Medical journal forced to retract study claiming hydroxychloroquine increases risk of death: Report

Ever since President Donald Trump first mentioned the anti-malarial drug hydroxychloroquine (HCQ) as a potential “game-changer” in the fight against COVID-19, the mainstream media has all but declared war against the decades-old drug and consistently highlighted any and all bad news about it.

Most recently, the media seized on an anti-HCQ study published in the prestigious medical journal Lancetbut according to a new report from Breitbart, that study has just been retracted after it was shown to be faulty on several counts. It seems the big blow the media hoped to land against the use of HCQ has now fallen flat.

HCQ dangers?

The original study, which still appears on the Lancet’s website but is now clearly labeled as having been retracted, purported to show that the use of HCQ for COVID-19 patients actually increased the risk of dying when compared to patients who received other forms of treatment or even no treatment at all.

Of course, the left pounced on what they believed could be used to make President Trump — who recently revealed that he took a two-week course of the drug as a preventative measure — look foolish.

What’s more, many who were already predisposed to negative feelings about the drug — such as the World Health Organization — also jumped on the study and used it as an excuse to suspend all ongoing trials. Some nations, including France, went so far as to ban the drug’s use for coronavirus patients altogether, Breitbart noted.

Questions raised

Since then, however, questions have been raised about the study’s accuracy. A reporter for The Guardian in Australia started asking questions about it, and quickly found out that reported data in her country didn’t match up with what was in the study at all.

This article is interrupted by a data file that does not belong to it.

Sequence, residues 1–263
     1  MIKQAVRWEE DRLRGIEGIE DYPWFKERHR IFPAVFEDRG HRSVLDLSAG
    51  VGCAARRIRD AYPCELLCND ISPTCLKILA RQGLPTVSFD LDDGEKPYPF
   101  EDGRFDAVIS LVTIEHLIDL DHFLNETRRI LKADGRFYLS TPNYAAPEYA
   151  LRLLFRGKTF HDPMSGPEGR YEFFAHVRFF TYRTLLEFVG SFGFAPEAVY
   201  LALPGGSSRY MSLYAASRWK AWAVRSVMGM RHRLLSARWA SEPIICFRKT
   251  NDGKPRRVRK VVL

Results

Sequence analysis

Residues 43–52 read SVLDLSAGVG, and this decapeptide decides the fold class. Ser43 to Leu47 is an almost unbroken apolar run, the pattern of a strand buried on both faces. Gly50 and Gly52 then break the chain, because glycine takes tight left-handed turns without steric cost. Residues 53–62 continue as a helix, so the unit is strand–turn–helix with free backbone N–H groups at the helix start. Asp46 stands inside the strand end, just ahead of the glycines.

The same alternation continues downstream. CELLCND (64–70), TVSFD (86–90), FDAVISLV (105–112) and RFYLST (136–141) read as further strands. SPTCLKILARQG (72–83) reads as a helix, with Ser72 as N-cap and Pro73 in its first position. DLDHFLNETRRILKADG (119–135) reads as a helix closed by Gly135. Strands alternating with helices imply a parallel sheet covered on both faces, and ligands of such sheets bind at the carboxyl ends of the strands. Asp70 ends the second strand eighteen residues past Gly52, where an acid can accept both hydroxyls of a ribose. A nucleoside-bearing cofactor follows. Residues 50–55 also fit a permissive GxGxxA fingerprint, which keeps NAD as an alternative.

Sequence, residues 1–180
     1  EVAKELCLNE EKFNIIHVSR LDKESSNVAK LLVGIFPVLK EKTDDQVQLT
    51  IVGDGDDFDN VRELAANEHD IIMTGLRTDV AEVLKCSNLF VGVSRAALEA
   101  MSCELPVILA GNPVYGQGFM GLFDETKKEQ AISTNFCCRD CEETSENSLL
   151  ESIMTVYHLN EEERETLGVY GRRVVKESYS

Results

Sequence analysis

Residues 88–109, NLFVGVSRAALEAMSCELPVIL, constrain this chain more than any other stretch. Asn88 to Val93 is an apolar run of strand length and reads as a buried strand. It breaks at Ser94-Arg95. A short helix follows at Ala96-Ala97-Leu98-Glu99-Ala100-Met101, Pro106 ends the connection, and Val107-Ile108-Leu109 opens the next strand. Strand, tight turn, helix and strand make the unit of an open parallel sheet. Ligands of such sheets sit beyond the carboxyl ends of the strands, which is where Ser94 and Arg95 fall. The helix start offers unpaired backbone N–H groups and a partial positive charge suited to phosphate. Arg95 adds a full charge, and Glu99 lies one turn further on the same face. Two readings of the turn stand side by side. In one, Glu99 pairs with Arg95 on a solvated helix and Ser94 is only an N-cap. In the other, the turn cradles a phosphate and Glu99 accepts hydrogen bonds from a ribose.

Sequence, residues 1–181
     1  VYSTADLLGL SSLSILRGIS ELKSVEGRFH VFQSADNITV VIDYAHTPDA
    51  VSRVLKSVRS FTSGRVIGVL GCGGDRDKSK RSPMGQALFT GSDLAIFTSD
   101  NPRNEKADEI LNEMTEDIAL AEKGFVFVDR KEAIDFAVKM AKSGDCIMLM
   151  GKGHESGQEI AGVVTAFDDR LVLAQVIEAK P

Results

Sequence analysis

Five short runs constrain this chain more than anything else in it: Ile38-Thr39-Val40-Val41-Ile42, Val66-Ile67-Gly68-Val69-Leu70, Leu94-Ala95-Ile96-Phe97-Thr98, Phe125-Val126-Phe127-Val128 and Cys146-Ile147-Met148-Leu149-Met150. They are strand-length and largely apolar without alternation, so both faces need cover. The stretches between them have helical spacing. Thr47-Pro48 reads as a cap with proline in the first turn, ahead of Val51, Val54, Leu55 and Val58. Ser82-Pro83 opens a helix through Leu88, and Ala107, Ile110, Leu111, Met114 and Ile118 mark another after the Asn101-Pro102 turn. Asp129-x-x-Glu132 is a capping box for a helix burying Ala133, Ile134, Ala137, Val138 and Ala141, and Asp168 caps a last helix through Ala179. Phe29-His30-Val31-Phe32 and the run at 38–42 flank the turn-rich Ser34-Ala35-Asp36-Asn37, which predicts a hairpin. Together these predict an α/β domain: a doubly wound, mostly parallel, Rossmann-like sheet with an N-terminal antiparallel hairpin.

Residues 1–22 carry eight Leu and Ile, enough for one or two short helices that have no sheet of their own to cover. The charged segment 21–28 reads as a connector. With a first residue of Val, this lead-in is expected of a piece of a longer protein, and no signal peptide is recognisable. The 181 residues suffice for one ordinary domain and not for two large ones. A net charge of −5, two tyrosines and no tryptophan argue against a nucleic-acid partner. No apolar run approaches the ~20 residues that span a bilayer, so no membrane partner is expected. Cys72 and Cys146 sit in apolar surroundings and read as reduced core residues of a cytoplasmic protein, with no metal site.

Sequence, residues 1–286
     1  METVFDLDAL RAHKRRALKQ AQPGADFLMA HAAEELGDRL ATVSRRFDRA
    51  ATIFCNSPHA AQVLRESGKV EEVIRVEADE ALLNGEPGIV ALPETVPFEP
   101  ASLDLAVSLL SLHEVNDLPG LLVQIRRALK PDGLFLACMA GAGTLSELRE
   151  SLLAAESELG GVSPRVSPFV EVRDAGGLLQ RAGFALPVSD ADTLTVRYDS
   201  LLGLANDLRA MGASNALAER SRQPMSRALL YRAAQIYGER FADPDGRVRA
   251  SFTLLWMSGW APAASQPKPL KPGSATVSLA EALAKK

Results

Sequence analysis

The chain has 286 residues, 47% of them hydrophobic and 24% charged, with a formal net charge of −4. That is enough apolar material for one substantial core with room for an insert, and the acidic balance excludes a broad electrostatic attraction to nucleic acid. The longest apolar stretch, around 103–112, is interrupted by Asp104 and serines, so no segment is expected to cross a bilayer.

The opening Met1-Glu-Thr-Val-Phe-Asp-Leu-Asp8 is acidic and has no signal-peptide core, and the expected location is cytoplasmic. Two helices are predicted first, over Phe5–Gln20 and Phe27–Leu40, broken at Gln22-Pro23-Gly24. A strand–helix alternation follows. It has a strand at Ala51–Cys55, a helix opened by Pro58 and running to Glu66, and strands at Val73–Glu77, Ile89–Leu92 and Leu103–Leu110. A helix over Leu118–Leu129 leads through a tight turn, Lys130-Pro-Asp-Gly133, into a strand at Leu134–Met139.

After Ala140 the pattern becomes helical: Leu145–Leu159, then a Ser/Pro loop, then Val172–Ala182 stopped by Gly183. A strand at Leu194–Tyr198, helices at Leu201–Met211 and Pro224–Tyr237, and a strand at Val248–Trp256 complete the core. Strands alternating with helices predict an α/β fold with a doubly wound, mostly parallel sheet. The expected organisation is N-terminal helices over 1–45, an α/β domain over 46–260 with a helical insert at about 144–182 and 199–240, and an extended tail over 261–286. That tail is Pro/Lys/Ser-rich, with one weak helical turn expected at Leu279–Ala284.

Delving further into the matter, the journalist eventually discovered that the data the study was based on had come exclusively from a company known as Surgisphere.

As Breitbart noted, very little was known about that company, but what has since been found out has only served to completely destroy whatever credibility it, or the study its “data” supported, ever may have had.

As it turns out, there are only a handful of employees at Surgisphere and few, if any, have any sort of background experience in data collection or the medical field, or even science in general. In fact, the supposed “science editor” is actually a science fiction writer, while the “marketing executive” is actually a model and event hostess.

Furthermore, the company has little online presence and virtually no way to get in contact with it, despite claiming to be the world’s “biggest and fastest” hospital database. Arguably making matters worse, the “doctor” on staff has been accused of medical malpractice on multiple occasions in the past and has been involved in other failed ventures prior to Surgisphere.

Fake news

The study, which was reportedly also not sufficiently peer-reviewed, has now been retracted, and many in the media, as well as some in the medical community, have been completely humiliated. And yet, the subversive war to downplay and dismiss HCQ — because “Orange Man Bad,” or something — continues on.

Sadly, it looks like they’re all driven more by a political agenda than actual science.

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